On Monday, OpenCorporates got an email from a Spanish journalist, asking to confirm that information we’d got on some long-dissolved UK companies was correct.
First of all, nice to meet you and congratulations (and thank you) for an incredible project as OpenCorporate is
In Spain, today, we are talking about a Spanish Minister who was involved in a offshore company in the 90s. When we looked for some more information in OpenCorporates we found two UK companies:
UK Lines Limited: https://opencorporates.com/companies/gb/01657954
Oceanic Lines Limited: https://opencorporates.com/companies/gb/03358201
However, we are not able to find this information in UK Register (Companies House)
We knew the information was correct – we had retrieved it as data from Companies House several years ago –and showed how they could check it using Companies House legacy website (companies that were dissolved some time ago aren’t currently on the nice new Companies House website).
Today, we saw just how big that story was, with the resignation of José Manuel Soria, the Minister for Trade & Industry.
The story in a nutshell (see more details here and here) is that Soria was discovered in the Panama Papers, but denied any connection to the Bahamas company in referenced in them. It turns out that a company of the same name, UK Lines Limited, had been incorporated in the UK, with officerships linked to him and his family. Further investigation into this company and another UK one, Oceanic Lines Limited, used company filings and shareholder documents to show that these were indeed connected with Soria and his family. Yesterday, newspaper El Mundo nailed the case showing Soria was also director of a Jersey company when he was already a politician.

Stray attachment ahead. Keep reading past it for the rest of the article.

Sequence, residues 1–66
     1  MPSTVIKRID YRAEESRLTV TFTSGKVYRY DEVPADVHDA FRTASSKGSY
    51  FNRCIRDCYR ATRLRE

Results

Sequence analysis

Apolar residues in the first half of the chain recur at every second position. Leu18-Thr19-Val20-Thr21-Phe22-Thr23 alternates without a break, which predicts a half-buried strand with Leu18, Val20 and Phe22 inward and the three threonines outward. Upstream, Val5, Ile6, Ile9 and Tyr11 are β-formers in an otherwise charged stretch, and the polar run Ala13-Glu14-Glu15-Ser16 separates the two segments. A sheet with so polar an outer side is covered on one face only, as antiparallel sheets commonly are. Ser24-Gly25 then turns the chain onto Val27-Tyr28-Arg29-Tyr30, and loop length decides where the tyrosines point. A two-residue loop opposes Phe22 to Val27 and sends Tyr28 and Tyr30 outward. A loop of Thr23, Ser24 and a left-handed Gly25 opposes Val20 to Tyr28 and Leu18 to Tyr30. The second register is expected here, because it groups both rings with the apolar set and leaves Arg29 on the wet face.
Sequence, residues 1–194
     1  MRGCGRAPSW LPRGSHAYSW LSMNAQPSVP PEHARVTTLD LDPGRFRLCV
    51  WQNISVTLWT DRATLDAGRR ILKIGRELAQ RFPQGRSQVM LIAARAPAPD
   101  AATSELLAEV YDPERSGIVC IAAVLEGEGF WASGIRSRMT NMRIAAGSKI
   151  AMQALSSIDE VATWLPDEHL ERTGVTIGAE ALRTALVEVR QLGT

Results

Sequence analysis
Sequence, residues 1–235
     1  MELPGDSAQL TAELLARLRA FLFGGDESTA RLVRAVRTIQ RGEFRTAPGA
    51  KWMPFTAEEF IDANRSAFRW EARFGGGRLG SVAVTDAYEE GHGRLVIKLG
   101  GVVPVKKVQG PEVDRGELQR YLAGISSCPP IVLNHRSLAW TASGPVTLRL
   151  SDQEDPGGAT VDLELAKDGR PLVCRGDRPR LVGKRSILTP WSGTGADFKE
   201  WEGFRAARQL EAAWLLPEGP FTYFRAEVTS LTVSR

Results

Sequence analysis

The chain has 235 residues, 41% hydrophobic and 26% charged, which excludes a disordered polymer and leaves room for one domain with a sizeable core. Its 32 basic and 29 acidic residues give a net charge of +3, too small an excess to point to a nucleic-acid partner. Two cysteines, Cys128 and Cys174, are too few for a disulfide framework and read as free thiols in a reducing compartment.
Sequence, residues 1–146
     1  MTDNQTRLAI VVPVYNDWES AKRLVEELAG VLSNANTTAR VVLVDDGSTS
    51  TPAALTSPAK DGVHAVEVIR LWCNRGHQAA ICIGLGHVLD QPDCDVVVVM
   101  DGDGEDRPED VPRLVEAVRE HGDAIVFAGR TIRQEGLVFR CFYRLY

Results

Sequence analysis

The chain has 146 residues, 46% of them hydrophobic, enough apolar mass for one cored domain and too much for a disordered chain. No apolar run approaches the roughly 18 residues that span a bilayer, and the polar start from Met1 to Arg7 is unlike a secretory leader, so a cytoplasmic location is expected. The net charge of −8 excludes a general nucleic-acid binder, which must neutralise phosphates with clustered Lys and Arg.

There is a delicious irony in Soria being brought down in part by open data (obviously the main credit goes to the journalists who tracked the story down), given that the Spanish Company Register is locked behind a paywall – you can’t even search to see if a company exists without giving your credit card, and they have been adamant that they will not open up the register, still less make it available as open data (not surprisingly they score zero on the Open Company Data Index).
Of course, we’re not suggesting that they are hiding things, though the current embattled Prime Minister, as an ex-registrar, probably knows where some of the bodies are buried. But the lack of the company register information as open data is a huge barrier to the fight against corruption
It also underlines some of the many flaws behind the recent German plan for sharing of Beneficial Ownership data among 6 EU governments (of which Spain was one) – which of course would shield such information from the prying eyes of ordinary citizens, and prevent it being combined with other data. That’s why we need a public global beneficial ownership register, and that, perhaps, is precisely why Spanish politicians don’t want it.